The agreement, announced by the Pakistani government and Ms. Bhutto's Pakistan People's Party, provides an amnesty for politicians who served in Pakistan between 1988 and 1999, effectively clearing Ms. Bhutto of the corruption charges that forced her into exile eight years ago.
The deal takes some of the pressure off Gen. Musharraf ahead of a presidential election scheduled for Saturday, a vote that Ms. Bhutto had earlier threatened to rob of credibility by pulling her MPs from parliament.
It came after a day of frantic negotiations in Islamabad and in London, where Ms. Bhutto, a two-time former prime minister, held talks with key members of her party...
Benazir Bhutto has given her assent," said Railways Minister Sheikh Rashid, a confidant of Gen. Musharraf.
Although Gen. Musharraf was closer to gaining an ally, it was unclear yesterday whether the presidential election in the two national houses of parliament and four provincial assemblies will go ahead as planned, as the Supreme Court is hearing fresh challenges to the President seeking re-election while still head of the army.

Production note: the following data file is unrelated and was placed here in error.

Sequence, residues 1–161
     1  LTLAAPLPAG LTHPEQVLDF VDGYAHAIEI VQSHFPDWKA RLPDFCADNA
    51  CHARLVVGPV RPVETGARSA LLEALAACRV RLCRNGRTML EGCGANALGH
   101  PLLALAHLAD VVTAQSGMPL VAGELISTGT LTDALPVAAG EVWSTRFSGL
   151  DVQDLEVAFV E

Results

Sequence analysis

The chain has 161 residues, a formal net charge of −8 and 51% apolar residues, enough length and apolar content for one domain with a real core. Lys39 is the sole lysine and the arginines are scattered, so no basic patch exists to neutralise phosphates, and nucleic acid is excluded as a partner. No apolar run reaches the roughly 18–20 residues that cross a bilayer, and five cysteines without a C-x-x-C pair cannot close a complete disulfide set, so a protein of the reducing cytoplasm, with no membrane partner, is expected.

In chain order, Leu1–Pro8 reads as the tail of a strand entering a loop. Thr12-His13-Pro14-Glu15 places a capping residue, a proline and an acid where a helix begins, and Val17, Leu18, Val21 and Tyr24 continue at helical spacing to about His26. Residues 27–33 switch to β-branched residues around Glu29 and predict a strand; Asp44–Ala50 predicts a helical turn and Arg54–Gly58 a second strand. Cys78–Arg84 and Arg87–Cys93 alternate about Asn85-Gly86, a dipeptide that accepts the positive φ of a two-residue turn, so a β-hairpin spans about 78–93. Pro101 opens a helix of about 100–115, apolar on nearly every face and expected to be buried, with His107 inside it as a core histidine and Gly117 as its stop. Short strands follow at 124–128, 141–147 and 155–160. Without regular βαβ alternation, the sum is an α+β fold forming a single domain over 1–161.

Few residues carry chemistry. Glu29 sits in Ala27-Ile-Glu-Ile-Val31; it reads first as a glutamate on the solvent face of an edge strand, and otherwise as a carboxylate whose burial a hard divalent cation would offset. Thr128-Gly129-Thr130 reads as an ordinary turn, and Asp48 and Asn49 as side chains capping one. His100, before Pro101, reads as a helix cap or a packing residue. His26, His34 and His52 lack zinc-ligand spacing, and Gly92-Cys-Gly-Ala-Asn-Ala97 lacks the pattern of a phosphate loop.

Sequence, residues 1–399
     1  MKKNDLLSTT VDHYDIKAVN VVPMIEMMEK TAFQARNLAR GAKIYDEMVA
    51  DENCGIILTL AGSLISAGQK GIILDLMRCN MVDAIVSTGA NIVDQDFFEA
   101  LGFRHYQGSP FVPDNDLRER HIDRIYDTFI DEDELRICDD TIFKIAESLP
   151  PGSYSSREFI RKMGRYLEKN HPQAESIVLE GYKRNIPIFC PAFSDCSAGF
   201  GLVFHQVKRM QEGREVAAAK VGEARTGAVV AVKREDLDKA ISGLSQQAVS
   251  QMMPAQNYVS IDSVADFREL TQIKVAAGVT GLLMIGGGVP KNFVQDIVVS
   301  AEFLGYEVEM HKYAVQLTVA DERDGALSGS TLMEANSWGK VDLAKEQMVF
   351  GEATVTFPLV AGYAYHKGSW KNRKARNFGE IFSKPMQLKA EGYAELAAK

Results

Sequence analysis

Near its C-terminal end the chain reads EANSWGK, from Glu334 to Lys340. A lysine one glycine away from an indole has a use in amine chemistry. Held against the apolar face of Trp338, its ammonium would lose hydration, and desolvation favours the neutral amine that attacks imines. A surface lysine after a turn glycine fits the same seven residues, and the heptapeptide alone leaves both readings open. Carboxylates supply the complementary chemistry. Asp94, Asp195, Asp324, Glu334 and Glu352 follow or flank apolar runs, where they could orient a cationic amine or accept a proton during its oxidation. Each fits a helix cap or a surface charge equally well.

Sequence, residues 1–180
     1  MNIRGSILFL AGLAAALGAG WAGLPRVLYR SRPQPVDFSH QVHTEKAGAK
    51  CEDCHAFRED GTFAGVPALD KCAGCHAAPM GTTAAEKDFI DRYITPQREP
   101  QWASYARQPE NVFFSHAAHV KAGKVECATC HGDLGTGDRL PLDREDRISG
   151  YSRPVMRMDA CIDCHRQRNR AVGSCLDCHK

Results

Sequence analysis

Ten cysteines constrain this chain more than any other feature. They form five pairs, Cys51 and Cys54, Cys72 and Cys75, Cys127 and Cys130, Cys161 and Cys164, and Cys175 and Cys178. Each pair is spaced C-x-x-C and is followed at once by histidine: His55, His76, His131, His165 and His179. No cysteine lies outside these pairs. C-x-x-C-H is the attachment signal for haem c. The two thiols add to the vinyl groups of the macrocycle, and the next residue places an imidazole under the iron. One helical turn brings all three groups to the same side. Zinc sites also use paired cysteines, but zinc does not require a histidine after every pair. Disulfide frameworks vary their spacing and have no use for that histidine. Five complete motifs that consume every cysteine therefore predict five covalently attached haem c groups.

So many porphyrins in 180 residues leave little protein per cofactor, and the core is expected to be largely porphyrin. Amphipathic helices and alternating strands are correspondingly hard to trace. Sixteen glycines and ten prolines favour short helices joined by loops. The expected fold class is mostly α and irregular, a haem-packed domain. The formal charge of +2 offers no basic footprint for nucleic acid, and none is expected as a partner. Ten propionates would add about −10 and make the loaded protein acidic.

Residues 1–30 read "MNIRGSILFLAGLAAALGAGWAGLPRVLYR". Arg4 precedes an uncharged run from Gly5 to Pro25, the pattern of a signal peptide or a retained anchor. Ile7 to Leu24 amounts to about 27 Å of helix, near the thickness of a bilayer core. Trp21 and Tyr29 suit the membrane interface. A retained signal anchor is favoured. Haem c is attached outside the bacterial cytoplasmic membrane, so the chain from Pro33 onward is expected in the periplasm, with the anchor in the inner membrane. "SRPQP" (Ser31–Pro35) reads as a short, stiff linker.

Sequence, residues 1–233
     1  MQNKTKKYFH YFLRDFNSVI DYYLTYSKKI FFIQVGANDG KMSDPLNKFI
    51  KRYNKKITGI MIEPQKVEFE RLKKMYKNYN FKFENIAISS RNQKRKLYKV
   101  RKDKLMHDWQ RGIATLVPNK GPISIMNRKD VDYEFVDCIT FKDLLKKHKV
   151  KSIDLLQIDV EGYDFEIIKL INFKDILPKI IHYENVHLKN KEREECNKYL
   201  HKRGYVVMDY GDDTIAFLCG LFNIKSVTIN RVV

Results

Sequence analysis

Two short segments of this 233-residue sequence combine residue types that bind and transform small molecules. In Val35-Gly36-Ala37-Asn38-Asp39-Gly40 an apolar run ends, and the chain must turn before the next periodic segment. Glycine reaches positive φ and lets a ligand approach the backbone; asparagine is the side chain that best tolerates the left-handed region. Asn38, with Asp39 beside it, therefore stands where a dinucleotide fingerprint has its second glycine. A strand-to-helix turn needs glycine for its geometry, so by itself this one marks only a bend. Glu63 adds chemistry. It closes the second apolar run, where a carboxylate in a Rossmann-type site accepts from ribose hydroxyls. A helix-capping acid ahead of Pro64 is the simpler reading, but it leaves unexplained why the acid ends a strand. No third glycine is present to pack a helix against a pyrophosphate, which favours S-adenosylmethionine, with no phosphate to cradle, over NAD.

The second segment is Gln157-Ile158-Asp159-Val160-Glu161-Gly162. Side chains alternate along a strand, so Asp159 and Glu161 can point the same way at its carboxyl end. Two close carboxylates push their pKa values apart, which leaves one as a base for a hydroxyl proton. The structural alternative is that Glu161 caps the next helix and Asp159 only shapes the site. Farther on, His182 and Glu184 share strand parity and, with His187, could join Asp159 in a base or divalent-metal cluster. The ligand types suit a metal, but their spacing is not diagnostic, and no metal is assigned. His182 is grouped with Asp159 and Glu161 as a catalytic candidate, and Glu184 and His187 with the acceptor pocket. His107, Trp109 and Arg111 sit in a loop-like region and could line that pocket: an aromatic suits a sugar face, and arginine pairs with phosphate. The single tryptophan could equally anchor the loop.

The court is expected to rule today on whether to order the postponement of a vote that Gen. Musharraf, who came to power in a coup eight years ago, looks sure to win even without Ms. Bhutto's support. He will, however, benefit from Ms. Bhutto's backing ahead of a general election due in January.
Gen. Musharraf 's coalition is expected to fare badly because of anger over rising prices, mounting insecurity and resentment over military rule and an alliance with the United States.
For a short refresher on Pakistan's importance as a key ally of Washington, read this PINR Intelligence Report.